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Feeling Frustrated
#1
Well, I finally scrounged together about two hours today to try and get some work done on my 73. I got the cut off wheel out and went at removing the Swiss cheese portion of my passenger lower rear quarter. Got it out to finally see that the trunk drop off is pretty well toast. So I turned my attention to the small rust spot right in front of the rear passenger rear wheel. Metal is Swiss cheese basically all the way down to the rocker.

Between that, the similar damage on the driver side, the bad tail light panel, and toasted trunk lip, I'm ready to admit that I'm in over my head here. I have neither the skills nor the time to properly learn and then tackle how to do this kind of body work. Rebuild a motor and transmission? Sure. But not this.

Too it off with the constant yet never happening threat of finally being sent to training and I'm just not enjoying this anymore.

So, do I sell the 73 and try to not get totally upside down on the deal, do I knuckle under and pay a body guy to do these repairs, or do I suck it up and just keep trying to make headway?

I'm really frustrated at this point. I didn't inspect the car enough before I bought it


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2013 Ford Focus SE Flex Fuel 5spd - Daily Driver
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#2
I totally get what you're saying. I've been down the same road. I had a lot of hidden rust on mine, and wound up replacing the front fenders, inner panels, floor pans, both quarter panels and inner wheel house panels. I did so only after looking for a cleaner car, and came to the conclusion that Ford simply didn't intend on theses cars being around for 40+ years. It's been one hell of an investment of time and money, but I'm building the car the way I want, so I was able to justify the additional work. When it's all said and done, I'll have over $40k invested in it, so selling it for a profit is out of the question, and that's OK, because I have told my family that when I die, they can bury me in it. LOL! I guess what I'm trying to say, is that if you really like the car, go ahead and build it. It doesn't have to be done tomorrow. God knows I've been working on mine for over twenty years. The end result will out weigh the frustration you're feeling now. Good luck with your decision.

-Travis

- Travis



I'm an analog man in a digital world.
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#3
Yep, what Travis said. I've been there myself.

Steve



[Image: 25yvyp3.jpg]
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#4
Michael,

Sounds like you had a bad day....couple of potential things to consider.

You could cut out the rusted pieces and cut the patches to fit from aftermarket sheet metal. You could then call one of the Mobile Welders that are around and have them come to you and weld up. You grind down and finish.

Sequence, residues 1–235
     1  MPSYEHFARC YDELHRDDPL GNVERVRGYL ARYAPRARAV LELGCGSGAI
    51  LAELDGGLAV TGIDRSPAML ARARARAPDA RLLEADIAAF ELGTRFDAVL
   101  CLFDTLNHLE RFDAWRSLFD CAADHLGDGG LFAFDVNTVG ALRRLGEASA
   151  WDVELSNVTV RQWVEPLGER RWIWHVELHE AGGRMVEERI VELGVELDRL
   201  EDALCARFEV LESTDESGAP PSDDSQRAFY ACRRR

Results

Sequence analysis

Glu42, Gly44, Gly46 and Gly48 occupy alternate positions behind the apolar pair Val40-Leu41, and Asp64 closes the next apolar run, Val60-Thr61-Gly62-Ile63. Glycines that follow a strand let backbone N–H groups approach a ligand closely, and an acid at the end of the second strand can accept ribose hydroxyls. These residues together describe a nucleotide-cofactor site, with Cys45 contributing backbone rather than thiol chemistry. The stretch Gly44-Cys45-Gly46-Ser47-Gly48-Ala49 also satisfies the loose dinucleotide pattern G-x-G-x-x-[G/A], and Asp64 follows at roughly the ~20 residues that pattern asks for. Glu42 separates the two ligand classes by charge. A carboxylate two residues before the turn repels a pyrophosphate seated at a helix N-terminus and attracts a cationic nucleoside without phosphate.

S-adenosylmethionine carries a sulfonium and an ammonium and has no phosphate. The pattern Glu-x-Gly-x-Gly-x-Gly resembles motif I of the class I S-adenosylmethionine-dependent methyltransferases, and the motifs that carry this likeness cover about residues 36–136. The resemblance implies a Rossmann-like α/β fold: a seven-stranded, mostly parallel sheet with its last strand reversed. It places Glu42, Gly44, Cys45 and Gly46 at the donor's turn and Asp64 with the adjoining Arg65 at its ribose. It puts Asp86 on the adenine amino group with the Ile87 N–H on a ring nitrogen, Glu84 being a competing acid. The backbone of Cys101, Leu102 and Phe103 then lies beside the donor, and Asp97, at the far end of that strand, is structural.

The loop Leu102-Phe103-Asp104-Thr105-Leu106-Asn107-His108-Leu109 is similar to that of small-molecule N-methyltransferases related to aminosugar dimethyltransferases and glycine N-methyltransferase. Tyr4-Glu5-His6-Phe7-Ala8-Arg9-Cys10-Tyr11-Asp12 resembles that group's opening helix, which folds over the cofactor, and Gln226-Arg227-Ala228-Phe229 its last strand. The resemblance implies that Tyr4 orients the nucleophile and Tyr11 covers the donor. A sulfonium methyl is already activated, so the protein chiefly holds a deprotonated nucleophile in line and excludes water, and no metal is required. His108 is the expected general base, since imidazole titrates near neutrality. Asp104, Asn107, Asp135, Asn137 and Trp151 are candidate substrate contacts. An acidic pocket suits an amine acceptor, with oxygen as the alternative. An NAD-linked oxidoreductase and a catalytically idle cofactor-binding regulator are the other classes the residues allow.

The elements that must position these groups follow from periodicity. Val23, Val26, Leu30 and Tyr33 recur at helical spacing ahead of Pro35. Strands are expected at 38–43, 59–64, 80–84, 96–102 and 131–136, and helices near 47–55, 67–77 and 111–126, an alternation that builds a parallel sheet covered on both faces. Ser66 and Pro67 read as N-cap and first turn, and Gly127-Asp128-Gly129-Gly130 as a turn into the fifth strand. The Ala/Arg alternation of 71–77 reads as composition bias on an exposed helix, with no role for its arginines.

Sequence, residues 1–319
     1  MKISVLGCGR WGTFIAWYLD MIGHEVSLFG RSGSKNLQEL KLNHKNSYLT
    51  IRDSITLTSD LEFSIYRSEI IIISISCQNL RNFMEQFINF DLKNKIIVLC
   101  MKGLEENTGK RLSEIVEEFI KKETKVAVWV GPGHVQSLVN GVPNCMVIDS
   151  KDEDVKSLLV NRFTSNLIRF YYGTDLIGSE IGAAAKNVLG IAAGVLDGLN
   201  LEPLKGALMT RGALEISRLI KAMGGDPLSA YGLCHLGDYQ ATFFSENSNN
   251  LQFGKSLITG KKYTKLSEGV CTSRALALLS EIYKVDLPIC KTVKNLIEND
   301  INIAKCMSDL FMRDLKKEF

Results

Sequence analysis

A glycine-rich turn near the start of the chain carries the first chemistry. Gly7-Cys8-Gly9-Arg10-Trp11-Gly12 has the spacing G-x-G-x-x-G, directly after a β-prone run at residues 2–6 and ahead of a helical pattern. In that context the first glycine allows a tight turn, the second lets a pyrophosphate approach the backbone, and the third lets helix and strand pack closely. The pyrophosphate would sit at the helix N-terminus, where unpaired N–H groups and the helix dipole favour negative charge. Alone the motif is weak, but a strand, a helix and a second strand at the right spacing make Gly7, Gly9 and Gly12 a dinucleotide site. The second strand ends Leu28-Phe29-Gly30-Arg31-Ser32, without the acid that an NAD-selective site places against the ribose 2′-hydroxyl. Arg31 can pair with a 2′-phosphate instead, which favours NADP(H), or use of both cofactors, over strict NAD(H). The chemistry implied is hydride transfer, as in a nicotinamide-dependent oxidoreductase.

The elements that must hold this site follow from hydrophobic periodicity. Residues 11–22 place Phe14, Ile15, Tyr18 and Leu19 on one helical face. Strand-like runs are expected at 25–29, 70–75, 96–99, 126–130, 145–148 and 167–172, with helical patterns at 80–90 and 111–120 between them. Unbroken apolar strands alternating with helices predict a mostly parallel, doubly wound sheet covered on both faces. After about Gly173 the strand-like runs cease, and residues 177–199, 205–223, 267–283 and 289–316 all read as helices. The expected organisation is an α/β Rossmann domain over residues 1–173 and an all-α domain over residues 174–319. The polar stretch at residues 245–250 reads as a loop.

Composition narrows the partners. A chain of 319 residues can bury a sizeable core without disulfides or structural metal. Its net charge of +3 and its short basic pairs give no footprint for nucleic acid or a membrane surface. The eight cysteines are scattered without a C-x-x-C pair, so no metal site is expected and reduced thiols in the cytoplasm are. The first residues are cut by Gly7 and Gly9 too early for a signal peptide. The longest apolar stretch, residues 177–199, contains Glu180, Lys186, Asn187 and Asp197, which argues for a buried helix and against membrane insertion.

Another option is a body shop...I know of one that does sheet metal work that is reasonable in Orange County.

Jeff

Jeff
1972 Q Code Convertible
1973 Q Code Mach 1 Ford Marketing Sales Vehicle
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#5
I guess I can't really speak on this as my situation was different as far as the car shape goes...but I agree with Doug the Dog as far as anything you do to it will ultimately be more gratifying then the frustrations along the way. But if you end up wanting to start fresh with a more complete car, let me know and I'd be willing to help you search throughout SoCal....there is that one in Simi Valley too, that sounds flexible on the price too...good luck and it definitely helps to have the support of everyone on this site.
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#6
Its a labor of love and not a money maker. All the crap you see on TV is just that. I agree the original makers of some of the most loved cars Ford, GM, Chevy were not building classics. They built cars that weren't expected to be around 40 years later. They became classic years later. In our case many many years later. The TV shows subsidize the work and they selectively fix stuff to make the most money like a person does to flip a house. If you like that car do it. If you want perfection pay some one. If you want a fun driver that looks nice take your time and work slowly. But I suggest not dismantling and cutting up the car in a lot of pieces. Work slow and methodically in areas to fix the issues. So you don't lose your place and get discouraged when you forget how it should be. I know its discouraging. I have had my stang for almost 10 years and been working on it continuously to get it just right. But I have pecked at it piece by piece when I am up to the task. Enjoy driving it a few times a year as I work on it. Ensures I don't forget why I love driving it so much.